Evaluation of Retinal Morphology and Blood Flow in Diabetic and Non-Diabetic Animals Using Optical Methods
Diabetes mellitus (DM) is a major public health problem in industrialized and newly industrialized countries and a major financial burden on health care systems and patient’s quality of life. The disease’s main characteristic - chronic hyperglycaemia - is associated with long-term impairment of the eye such as diabetic retinopathy (DR). Often the disease is not diagnosed until the patient’s vision is already impaired and retinal neurons are irreparably damaged. To develop treatment options that can intervene early into the progression of the disease, more knowledge has to be gained about the early pathogenesis. One of the main aspects, alterations in retinal blood flow, can be targeted for diagnostic purposes.
The proposed study aims to measure retinal blood flow in animals that present a diabetic phenotype in order to establish a suitable model for investigating alterations of ocular blood flow caused by DM. By means of a high-resolution dual-beam Doppler optical coherence tomography (DOCT) system and a Dynamic vessel analyzer (DVA) changes in retinal blood flow and retinal morphology will be evaluated. Ocular blood flow data will be assessed in two groups, a diabetic rat model and a wildtype phenotype. A total of eight measurements will be performed before and after diabetes induction. The first measurement will be performed one to five days prior to diabetes induction and serve as a baseline value for later comparison. The following three measurements will be performed after one, two and three weeks respectively. The last four measurements will be performed five to 10 weeks after diabetes induction. Measurements will be used to monitor the onset and progression of DR and data will be compared to physiological blood flow in the retinal vasculature. Besides the total retinal blood flow (TRBF), neurovascular coupling (NVC), adaptational diameter changes of the retinal vessels in response to a light stimulus and vasomotion (VM), which are spontaneous oscillations of vessel diameters, will be assessed and compared between healthy and diabetic animals.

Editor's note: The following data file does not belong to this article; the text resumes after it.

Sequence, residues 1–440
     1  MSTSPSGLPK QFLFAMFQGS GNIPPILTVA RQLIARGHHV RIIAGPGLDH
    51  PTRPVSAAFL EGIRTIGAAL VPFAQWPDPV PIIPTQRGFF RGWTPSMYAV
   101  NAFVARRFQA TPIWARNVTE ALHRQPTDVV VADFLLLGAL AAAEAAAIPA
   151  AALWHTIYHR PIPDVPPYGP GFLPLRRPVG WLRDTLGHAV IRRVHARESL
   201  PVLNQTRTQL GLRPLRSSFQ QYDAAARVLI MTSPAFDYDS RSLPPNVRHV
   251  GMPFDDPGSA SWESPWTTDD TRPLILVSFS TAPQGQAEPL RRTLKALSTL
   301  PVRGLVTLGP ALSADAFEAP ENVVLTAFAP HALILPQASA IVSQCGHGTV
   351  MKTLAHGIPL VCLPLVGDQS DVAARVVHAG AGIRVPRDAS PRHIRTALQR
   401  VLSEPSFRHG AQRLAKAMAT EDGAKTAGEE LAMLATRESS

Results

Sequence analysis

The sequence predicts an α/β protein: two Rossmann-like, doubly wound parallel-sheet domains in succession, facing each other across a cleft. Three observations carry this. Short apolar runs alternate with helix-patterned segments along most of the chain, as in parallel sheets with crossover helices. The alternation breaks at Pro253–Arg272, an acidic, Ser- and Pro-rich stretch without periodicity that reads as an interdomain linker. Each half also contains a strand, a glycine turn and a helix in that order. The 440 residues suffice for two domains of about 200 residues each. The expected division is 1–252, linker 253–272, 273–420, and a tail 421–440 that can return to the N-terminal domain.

The project will include one pilot and one main study. For all proposed experiments, Long Evans rats will be used. The first part of the pilot experiment will be performed in order to investigate the influence of different anesthetic protocols on the retinal blood flow and flicker response as well as systemic blood pressure (BP) in pigmented rats. The results of these measurements will be further used to test for repeatability within measurements. The anesthetic protocol with the smallest effect on systemic BP and retinal blood flow while upholding sustained flicker response will be applied in the second part of the pilot study and the main study.
Streptozotocin (STZ) will serve as DM inducing agent, generating a model that will represent type I diabetes (T1DM). The second part of the pilot study will be performed to induce diabetes nd to evaluate and adapt measurement techniques on a smaller sample of diabetic and nondiabetic rats. These findings will serve as the basis for sample size calculations for the main part.
The study group of the main experiment will consist of diabetic animals, while the control group will consist of healthy, age-matched wildtype rats. Output parameters will be assessed over time from all animals using DOCT and DVA. The non-invasive and contact-free nature of DOCT allows for longitudinal measurements and thus enables assessment of individual progression of the disease. This provides a much better insight into haemodynamic changes of the retina than previous methods, while using a lower number of animals. Morphological data obtained from high-resolution OCT imaging will be correlated with histological findings. Microscopy provides cellular resolution, which offers insight into subtle changes in the retinal vessels’ morphology, which can be correlated with changes in blood flow, NVC and VM. Three animals per group and time point will be sacrificed in order to assess and quantify tissue changes during DR progression.
Methods and Skills:
Optical imaging; optical coherence tomography; animal experimentation; histology
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